A Bit More Detail

Assorted Personal Notations, Essays, and Other Jottings

Archive for October 2009

[FORUM] What’s your stance on the supernatural?

Today’s suggested question of the day at Livejournal.com is seasonally quite appropriate.

Have you ever participated in a seance? If not, would you consider it? What spirit would you summon and what question would you ask them? Do you believe we can get messages from the dead?

I’ve never done a seance, although I did get a tarot card reading in 2004 and might easily be coaxed into taking part at such an event. Messages from the dead? I know that I’m materialist enough not to believe in that or other similar things, like psychic powers (yes, Haruhi). They’re fun, fantasy, little else if little at all.

And you?

Written by Randy McDonald

October 31, 2009 at 7:42 pm

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[PHOTO] Crossing the Don

Crossing the shrunken Don River that separates central from eastern Toronto from above on the Dundas Street streetcar, one comes across first the river itself then the Don Valley Parkway.

Crossing the Don (1)
Originally uploaded by

Crossing the Don (2)
Originally uploaded by

Written by Randy McDonald

October 31, 2009 at 3:10 pm

[PHOTO] Church and Wellesley Sunset

I took this photo looking west from near the intersection of Church and Wellesley. I’m particularly proud of this one.

Looking west into the sunset along Wellesley
Originally uploaded by

Written by Randy McDonald

October 30, 2009 at 8:06 pm

[DM] “A brief note on demographics and sex and fear and envy”

I’ve a post up on Demography Matters that takes a brief look at how some demographics scaremongers fearing a country’s being cverwhelmed by migrants both fear and envy the invaders’ ability to overwhelm the decadent natives: they’re so efficient that they represent an excellent model for the natives as the scaremongers would like them to be.

Written by Randy McDonald

October 30, 2009 at 4:47 pm

[LINK] “Climate change report ‘irresponsible,’ Prentice says”

Dealing with climate change plays deeply into Canada’s major regional divisions. And guess where the government draws its support from?

Federal Environment Minister Jim Prentice said there is no way Western Canadians could absorb the deep economic hit projected by the report’s environmentalist authors – the David Suzuki Foundation and the Pembina Institute.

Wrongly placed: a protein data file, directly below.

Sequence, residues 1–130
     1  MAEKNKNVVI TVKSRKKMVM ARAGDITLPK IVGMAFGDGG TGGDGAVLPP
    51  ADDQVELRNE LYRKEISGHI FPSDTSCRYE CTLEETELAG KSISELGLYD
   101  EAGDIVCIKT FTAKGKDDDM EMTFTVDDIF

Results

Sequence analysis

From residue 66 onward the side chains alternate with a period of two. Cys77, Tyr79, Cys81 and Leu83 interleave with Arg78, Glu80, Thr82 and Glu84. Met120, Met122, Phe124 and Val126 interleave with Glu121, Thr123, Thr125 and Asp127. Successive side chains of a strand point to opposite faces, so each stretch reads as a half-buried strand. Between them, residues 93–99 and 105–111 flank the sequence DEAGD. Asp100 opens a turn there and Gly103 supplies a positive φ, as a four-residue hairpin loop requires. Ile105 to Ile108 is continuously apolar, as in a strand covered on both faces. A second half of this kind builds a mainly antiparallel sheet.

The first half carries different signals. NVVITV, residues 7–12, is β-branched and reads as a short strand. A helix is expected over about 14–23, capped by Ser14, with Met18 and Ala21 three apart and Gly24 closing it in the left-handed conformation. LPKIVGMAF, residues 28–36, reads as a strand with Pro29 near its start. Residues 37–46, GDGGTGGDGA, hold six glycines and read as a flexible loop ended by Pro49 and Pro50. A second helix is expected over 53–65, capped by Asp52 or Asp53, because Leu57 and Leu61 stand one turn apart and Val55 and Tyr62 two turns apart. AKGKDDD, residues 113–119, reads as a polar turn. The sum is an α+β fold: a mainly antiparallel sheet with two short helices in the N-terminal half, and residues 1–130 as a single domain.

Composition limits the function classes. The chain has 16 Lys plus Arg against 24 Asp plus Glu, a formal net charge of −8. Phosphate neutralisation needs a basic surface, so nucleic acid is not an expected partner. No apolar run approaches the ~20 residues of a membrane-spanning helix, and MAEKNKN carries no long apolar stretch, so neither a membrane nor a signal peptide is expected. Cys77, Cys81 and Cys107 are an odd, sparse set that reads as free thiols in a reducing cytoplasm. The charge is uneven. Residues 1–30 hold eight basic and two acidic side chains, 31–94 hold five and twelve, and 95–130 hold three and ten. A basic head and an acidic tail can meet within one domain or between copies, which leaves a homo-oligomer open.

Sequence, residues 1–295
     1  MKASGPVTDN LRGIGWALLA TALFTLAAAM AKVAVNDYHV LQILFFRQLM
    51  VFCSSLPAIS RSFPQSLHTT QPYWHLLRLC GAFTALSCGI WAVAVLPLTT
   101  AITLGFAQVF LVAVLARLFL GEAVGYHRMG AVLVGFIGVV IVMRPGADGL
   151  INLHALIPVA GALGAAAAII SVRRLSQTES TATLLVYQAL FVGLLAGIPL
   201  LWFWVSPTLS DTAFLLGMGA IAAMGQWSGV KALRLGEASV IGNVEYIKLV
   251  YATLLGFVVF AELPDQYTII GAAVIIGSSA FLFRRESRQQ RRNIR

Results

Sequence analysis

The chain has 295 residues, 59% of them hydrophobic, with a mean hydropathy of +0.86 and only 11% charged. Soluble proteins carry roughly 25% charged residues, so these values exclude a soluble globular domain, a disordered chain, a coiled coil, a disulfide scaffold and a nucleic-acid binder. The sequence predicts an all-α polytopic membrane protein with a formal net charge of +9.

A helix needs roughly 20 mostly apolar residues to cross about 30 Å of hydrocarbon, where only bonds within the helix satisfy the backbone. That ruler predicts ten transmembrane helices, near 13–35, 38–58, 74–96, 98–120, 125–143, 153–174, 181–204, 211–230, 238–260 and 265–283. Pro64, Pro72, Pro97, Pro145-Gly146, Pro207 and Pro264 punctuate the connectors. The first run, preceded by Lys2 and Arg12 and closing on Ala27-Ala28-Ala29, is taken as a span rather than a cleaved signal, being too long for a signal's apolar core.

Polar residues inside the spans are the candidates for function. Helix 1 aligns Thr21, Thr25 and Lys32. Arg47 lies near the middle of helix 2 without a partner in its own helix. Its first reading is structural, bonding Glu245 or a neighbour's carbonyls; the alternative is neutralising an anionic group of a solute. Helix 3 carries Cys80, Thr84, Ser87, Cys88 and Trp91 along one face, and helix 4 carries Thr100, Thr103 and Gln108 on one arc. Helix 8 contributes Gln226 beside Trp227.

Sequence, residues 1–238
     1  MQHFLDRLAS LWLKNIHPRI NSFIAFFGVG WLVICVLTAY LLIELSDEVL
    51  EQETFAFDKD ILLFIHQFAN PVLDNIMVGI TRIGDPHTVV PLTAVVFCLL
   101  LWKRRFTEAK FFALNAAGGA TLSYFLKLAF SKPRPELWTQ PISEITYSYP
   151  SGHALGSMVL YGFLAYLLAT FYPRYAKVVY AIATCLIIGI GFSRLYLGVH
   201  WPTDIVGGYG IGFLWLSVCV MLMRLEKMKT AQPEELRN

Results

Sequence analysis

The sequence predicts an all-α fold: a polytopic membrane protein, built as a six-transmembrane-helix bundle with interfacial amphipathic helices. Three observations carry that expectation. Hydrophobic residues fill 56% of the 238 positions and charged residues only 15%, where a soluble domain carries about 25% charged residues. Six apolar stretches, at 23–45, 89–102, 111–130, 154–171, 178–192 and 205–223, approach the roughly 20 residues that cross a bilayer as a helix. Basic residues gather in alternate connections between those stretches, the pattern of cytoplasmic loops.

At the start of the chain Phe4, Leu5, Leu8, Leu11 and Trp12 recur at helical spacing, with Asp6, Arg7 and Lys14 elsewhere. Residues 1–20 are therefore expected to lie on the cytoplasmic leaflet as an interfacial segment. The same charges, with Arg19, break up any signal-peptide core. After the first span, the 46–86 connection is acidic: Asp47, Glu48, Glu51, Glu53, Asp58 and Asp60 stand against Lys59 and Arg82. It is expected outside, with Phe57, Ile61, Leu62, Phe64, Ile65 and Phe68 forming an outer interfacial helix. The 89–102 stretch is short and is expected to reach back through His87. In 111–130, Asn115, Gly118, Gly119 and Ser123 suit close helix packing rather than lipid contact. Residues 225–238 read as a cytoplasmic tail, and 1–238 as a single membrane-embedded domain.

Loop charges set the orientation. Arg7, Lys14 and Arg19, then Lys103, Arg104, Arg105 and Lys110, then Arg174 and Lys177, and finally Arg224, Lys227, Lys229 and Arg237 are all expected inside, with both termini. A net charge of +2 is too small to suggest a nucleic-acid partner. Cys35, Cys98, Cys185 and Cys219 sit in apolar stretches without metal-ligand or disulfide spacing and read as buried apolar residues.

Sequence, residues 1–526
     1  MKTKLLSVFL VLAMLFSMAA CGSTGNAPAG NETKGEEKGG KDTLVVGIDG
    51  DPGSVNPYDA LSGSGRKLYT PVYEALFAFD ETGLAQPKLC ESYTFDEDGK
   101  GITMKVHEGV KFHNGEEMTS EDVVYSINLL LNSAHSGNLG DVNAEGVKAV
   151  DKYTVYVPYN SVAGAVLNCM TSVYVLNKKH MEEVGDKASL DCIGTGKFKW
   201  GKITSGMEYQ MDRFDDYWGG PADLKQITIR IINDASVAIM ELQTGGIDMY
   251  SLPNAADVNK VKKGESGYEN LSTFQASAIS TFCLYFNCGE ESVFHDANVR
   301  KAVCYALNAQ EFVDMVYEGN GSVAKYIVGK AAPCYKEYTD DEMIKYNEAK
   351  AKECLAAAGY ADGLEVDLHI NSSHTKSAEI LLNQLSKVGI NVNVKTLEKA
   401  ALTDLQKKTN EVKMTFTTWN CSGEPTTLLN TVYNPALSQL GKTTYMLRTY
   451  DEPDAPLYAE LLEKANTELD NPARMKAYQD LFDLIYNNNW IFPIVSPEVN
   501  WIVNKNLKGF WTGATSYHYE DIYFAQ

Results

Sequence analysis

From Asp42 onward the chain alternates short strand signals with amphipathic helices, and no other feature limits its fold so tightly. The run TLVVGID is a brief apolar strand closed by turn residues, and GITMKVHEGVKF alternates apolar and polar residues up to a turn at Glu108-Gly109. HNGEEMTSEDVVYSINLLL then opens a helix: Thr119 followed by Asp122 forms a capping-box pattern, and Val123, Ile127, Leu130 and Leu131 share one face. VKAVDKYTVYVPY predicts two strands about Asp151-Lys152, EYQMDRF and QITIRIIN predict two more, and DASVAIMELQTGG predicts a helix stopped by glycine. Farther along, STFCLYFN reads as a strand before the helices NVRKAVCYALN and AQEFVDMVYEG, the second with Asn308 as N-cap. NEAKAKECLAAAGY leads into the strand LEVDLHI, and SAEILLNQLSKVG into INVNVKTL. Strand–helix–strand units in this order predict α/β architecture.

He said their assumptions are way off: The long-term economic conditions they forecast will be avoided by working with the Americans on a continental climate-change plan.

“The conclusions [the report] draws are irresponsible,” said Mr. Prentice in an interview with The Globe and Mail from Kingston, where he was meeting with provincial and territorial environment ministers. Specifically, he said Canadians will not accept the report’s advocacy of emission targets for 2020 that would reduce Canada’s gross domestic product by 3 per cent nationally and 12 per cent in Alberta from business-as-usual estimates.

The report, which was financed but not endorsed by the Toronto Dominion Bank, provides the estimated costs for Canada to meet the Conservative government’s own target to reduce emissions to 20 per cent below 2006 levels by 2020, as well as a more stringent target advocated by environmentalists.

The projections rely on an economic modelling scheme designed by Mark Jaccard & Associates, which produced similar models for the federal government.

The report said meeting the government’s target would require a cap on emissions and a penalty – or “carbon price” – on industry that rises from $40 to $100 per tonne of CO{-2} emissions. The environmentalists’ target would start at $50 per tonne in 2010 and rise to $200 per tonne by 2020.

Mr. Prentice insisted Thursday that Canada’s target can be achieved by harmonizing with U.S. proposals that are currently estimated to be about $28 per tonne.

“The kind of economic consequences you see in this report are not necessary if this is done in an orderly way,” he said, noting the costs must be acceptable in all regions. Mr. Prentice also said Canada will not cap emissions alone and that he expects the U.S. Senate will not approve new climate rules until next year.

Western Canadian provinces, it should be noted, especially Alberta, contribute a wildly disproportionate share of Canada’s greenhouse gas emissions thanks to their oil and natural gas extraction industries, while Ontario’s prominent on account of its industrial heft.

Written by Randy McDonald

October 30, 2009 at 1:36 pm